Early diagnosis of Alzheimer's disease (AD) is imperative for the prevention of disease progression and the development of effective treatments.Objective:
Clinically, AD diagnosis has been based on adherence to clinical criteria. It has recently been proposed that diagnostic criteria should also incorporate biomarker findings. However, the most studied candidates or group of candidates for AD biomarkers, including pathological processes and proteins, needs further research. The current study aimed to investigate the capabilities of the following plasma proteins in the diagnosis of AD and amnesia mild cognitive impairment (aMCI): peripheral interleukin (IL) 10, IL-6, amyloid-β (Aβ) 40, Aβ42, phosphorylated tau 181, and total tau.Methods:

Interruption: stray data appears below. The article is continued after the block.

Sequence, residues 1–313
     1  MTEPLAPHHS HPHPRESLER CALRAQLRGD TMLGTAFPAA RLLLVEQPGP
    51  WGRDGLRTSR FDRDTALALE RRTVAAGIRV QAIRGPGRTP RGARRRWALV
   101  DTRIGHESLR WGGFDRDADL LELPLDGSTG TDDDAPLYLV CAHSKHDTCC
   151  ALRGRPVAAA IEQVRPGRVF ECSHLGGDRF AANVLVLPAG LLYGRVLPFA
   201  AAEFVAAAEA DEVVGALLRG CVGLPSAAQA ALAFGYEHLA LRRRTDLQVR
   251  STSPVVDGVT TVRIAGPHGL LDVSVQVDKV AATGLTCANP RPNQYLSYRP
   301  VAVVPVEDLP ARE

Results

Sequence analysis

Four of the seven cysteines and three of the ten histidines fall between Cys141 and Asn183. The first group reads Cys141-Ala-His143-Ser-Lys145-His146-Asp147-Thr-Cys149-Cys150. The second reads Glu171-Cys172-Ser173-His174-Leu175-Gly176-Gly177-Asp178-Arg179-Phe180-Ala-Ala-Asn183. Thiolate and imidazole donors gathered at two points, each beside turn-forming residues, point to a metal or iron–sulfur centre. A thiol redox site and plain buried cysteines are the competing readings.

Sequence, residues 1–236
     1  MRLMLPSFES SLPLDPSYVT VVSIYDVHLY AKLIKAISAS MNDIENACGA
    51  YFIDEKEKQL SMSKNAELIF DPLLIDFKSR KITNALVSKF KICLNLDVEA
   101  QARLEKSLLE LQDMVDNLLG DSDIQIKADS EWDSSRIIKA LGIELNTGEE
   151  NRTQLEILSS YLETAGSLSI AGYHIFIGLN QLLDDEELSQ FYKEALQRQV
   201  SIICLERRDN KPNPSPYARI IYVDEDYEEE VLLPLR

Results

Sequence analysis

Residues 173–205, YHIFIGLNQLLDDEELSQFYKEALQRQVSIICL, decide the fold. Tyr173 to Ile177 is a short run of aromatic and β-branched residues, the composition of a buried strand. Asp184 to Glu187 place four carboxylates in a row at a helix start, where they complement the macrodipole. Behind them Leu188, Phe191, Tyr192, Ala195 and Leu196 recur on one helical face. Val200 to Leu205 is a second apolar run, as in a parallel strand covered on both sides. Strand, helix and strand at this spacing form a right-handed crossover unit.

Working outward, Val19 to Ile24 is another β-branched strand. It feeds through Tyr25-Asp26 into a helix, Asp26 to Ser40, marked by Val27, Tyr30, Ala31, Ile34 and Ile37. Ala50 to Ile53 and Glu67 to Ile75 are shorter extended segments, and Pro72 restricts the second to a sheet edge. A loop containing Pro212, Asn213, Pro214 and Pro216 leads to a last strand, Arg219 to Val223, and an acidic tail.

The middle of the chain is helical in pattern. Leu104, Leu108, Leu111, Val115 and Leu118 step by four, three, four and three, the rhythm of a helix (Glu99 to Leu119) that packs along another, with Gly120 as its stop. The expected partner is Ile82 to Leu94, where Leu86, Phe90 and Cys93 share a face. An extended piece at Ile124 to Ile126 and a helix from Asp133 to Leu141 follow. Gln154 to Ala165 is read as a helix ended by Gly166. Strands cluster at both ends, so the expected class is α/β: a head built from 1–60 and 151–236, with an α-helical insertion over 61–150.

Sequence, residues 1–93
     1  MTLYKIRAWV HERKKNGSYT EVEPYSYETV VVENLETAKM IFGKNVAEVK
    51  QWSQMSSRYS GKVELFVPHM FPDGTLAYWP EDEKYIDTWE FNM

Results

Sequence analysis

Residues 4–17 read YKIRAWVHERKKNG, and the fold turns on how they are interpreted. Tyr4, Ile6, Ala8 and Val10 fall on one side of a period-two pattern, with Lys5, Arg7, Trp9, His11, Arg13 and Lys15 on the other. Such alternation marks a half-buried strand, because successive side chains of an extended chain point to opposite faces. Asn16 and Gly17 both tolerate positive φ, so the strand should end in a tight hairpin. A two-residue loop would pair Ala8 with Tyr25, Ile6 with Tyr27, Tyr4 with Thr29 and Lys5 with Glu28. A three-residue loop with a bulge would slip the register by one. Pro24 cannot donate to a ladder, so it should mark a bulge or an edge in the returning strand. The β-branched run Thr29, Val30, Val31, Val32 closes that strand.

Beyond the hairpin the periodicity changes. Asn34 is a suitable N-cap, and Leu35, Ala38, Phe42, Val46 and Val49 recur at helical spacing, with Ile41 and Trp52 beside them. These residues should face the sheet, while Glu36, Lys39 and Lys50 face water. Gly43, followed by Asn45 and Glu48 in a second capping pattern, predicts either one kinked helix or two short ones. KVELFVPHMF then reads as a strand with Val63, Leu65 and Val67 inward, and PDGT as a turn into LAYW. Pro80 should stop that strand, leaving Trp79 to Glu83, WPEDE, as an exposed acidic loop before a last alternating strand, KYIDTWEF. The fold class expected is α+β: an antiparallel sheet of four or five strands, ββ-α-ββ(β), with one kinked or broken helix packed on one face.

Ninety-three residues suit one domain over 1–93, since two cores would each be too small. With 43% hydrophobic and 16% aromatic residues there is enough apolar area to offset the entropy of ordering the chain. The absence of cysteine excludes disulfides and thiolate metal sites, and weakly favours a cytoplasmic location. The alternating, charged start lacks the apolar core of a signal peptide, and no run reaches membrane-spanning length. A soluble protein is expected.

In addition to 122 normal control (NC) group, 97 AD patients and 54 aMCI patients were recruited for this study. An enzyme-linked immunosorbent assay was used to analyze the concentration of the following blood plasma biomarkers: IL-10, IL-6, Aβ40, Aβ42, phosphorylated tau 181, and total tau.Results:
A one-way analysis of variance (one-factor analysis of variance) of Aβ40 and IL-10 levels revealed a statistically significant difference between the three groups (p < 0.001 and p = 0.020). Using Aβ40 ≥ 42.70 pg/ml as the cut-off point, the sensitivity of the ability of Aβ40 to discriminate between AD and NC groups was 80.0%, and specificity was 69.6%.Conclusions:
The plasma Aβ40 biomarker was able to distinguish between AD and NC groups. However, the plasma biomarkers in the present research were not able to distinguish between aMCI and NC groups. Copyright © 2013 John Wiley & Sons, Ltd.